Worlds Apart: Leah by Andrea Baker
Leah knows that her mother died in a car accident when Leah was small and that her father, who used to be the gentlest dad in the world, has become increasingly controlling and occasionally violent.
She also knows that her recurring dreams are telling her something more about how and why her mother died, and why her dad turned nasty, but they are becoming progressively more disturbing and confusing.
When Leah meets Ben, she is excited to have a friend she can confide in and have fun with, but is he what he seems?
The voice of Leah’s mother repeatedly tells her to rely on her instincts, but when Leah is run over in a freak accident and Ben’s family take over her welfare, are they protecting her or using her?
And why would anyone, good or evil, bother with an ordinary girl just about to go to university?
Excerpt Two – Worlds Apart Leah by Andrea Baker
I lay in bed that night, thinking about the events of the day. I’d really enjoyed listening to the band playing, particularly the instrumental stuff which had never really appealed to me before. As I relaxed, I started humming one of the pieces quietly. Ben had offered to pick me up a few days later and I was planning to ask him if he had a copy that I could put onto my iPod.
There was that awful sound again. This time I was already in the car. Slowly, fearfully, I turned around to look at the boot – those incandescent yellow eyes were there again, staring ferociously at me.
I cringed and turned back, in time to see the shadow man throwing something through the open window. It hadn’t looked like a weapon, although judging by the howl that came from the side of the road; it did the job of one. I wondered what he had aimed at and why he hadn’t gone for the thing hanging onto the back of the car.
I didn’t have time to think too much, though. Suddenly the car was swerving around a bend, and despite the seatbelt, I found myself thrown almost into his lap.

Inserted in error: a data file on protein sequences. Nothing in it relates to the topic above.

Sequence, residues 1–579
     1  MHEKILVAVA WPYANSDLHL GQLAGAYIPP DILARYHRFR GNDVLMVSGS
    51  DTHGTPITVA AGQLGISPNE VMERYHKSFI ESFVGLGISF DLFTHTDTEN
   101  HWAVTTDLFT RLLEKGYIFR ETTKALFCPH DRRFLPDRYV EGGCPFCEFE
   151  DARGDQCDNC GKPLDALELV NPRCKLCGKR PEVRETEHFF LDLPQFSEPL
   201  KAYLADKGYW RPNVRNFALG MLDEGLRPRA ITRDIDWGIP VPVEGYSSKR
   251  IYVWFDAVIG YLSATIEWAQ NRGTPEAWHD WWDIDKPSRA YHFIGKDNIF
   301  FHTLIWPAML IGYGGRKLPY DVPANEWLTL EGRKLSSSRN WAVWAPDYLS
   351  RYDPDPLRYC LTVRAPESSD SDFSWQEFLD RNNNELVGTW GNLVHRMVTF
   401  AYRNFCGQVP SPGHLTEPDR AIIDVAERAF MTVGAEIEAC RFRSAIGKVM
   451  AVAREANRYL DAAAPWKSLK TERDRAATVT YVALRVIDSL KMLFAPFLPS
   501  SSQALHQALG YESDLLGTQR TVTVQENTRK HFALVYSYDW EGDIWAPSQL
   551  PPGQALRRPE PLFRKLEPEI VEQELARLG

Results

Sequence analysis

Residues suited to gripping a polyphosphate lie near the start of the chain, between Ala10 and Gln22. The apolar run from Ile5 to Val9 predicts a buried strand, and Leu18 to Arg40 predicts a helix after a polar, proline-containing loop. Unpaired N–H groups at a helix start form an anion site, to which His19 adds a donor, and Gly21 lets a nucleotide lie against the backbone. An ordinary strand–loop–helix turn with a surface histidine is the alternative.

I pushed myself away, trying desperately to get a look at his face but it was always in the shadows. There was another crash and suddenly the yellow eyes were at the car window. I found myself trying to hide in the seat of the car, pushing as far away from the window as I could.
The eyes continued to stare at me for what seemed like an age.
I opened my eyes and lay there in the half darkness. I could feel my heart racing from the dream but at least I had somehow managed not to wake Dad up again this time, and for that I was grateful. I couldn’t understand why the dreams continued, and were even getting worse, despite my reasoning about the cause. It wasn’t as if I was starting university without knowing anyone, now I’d met Ben.
At what seemed like exactly the same moment as that thought, the skies erupted again and my stomach started to churn with my usual reaction to an impending storm. The wind had picked up considerably but now it appeared to drop, and with the stillness came yet another storm. I jumped up and pushed my window closed. I normally slept with the window partially locked open but I didn’t want the rain coming in.
I curled up on my bed, flicked the reading light on and lay there thinking. It was times like this that I really missed having Mom to talk to. We would have been able to talk about these dreams properly. Somehow with Dad it always seemed harder. Don’t get me wrong, he tries really hard but it just isn’t the same. Mom and I were always close, so close it almost seemed as though we could read each other’s minds, often answering questions before they were even asked. What had happened still didn’t make sense to me, nor did the fact that at times it felt as though we were still having conversations in the same way.
I shook myself, no point thinking about that now. I turned the light off and lay there listening to the storm, hoping that it would die away quickly and dry up before morning so I could still visit the ruins. Listening to the rain pounding outside, though, that seemed unlikely.
I must have dozed off again, however, as when I awoke the rain had stopped. I still couldn’t shake that uneasy feeling as I showered and got dressed for the day. As I looked outside, I resigned myself to the fact that it was going to be too wet to visit the ruins again today and put my mind to planning what to do rather than mope around the cottage all day.
I thought of yesterday’s music session and smiled. The guys in the band had all been pretty good about my attendance, although I had caught a look passing between Richard and Will that had intrigued me. I wasn’t likely to find out what it meant, though, until I got to know them better.